Boros Wojeks seem to almost have been displaced by Azorous Arresters to some degree, but they appear to still be around. For the Boros the focus has been mostly on the military and Angels, with Wojeks not getting much attention. Still I'll be surprised with Wojek's don't get mentioned at all. Perhaps it was partly because the Wojeks experienced such high casualties. The Gateless (those without a guild) have their own police force, the Haazda, more for outside Ravnica Capital. The Ledev kind of function as a highway patrol. The Boros themselves seem to be acting more like a Paramilitary and Military organization.

Simic now have a more aquatic them, with Merfolk becoming dominate. They control access to the Oceans. So they are biotech magic, but also control trade with the Oceans. That could make them major competitors for food production with the Golgori, what would most people prefer, rot grown food or Simic sea food?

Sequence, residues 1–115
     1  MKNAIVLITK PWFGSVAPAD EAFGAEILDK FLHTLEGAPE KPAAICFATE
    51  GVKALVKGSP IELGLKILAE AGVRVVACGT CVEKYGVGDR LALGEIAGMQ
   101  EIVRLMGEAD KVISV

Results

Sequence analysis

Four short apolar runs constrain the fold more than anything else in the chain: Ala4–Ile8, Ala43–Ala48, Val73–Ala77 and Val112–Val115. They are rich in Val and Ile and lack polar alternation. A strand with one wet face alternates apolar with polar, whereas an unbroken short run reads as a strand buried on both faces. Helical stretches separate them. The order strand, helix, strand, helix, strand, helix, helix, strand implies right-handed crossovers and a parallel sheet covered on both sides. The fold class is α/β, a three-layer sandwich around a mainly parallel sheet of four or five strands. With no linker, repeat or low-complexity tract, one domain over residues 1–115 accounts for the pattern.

Izzet is still Izzet.

Dimir stopped being a secret after the first guildpact. Now they have a front as more benign information brokers, librarians, couriers, and so on.

Orzhov is weird. It's like they mashed every medevil social class into a single guild. People compare them to the mob, but it's more like a feudal society in function. They are the church, the aristocrats, the merchants, and the peasants/surfs, all tried together by religion (but a dark twisted vice ridden version, with undead and thrills) and business into a single guild. No King however, instead a ghost council at the top.

Golgori are still basically Golgori.

Gruul are still much the same.

Azorous got taken over by a wise Sphinx, Isperia, and seem to do most of the policing now.

Selysnia is no longer ruled Directly by Mat'selsynia, who is now more a God figure. It's ruled by a Trio of Dryads that fused together with wood.

And the Guild Pact which was a magical written document was destroyed and eventually the none magical one didn't work out so ancient magic made a Planeswalker named Jace Beleren the living guild pact (basically he is both magically enforced treaty, constitution and it's sole judge).